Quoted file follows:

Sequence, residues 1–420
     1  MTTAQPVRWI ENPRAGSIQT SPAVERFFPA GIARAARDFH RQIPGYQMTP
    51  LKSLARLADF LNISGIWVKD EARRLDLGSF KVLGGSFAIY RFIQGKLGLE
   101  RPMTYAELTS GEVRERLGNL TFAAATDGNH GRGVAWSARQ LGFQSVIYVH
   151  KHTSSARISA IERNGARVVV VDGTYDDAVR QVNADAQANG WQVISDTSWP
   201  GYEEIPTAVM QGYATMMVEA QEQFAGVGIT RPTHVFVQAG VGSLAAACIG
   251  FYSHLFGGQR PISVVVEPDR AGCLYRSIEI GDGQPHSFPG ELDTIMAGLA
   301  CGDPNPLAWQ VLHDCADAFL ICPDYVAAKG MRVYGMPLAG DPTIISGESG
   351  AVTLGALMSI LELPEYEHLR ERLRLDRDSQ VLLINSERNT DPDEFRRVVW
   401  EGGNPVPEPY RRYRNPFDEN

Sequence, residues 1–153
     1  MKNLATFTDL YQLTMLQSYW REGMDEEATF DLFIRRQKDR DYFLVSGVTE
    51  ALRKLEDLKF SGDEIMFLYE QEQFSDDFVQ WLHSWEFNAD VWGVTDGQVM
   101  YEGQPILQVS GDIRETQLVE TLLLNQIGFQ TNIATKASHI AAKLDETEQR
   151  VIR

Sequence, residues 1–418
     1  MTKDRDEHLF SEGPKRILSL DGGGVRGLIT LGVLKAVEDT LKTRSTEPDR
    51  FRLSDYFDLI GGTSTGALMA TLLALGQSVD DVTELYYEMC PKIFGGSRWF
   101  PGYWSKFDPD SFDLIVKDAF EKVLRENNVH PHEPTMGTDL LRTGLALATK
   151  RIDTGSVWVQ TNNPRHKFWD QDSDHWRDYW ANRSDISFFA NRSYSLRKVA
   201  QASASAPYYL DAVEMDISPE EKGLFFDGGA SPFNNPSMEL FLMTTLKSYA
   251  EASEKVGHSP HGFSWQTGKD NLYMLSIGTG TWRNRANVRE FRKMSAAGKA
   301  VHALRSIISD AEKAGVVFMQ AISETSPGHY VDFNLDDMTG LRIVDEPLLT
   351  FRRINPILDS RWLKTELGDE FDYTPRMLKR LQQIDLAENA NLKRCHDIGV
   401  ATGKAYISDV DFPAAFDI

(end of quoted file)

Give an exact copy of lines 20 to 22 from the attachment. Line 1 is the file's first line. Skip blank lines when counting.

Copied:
   151  RIDTGSVWVQ TNNPRHKFWD QDSDHWRDYW ANRSDISFFA NRSYSLRKVA
   201  QASASAPYYL DAVEMDISPE EKGLFFDGGA SPFNNPSMEL FLMTTLKSYA
   251  EASEKVGHSP HGFSWQTGKD NLYMLSIGTG TWRNRANVRE FRKMSAAGKA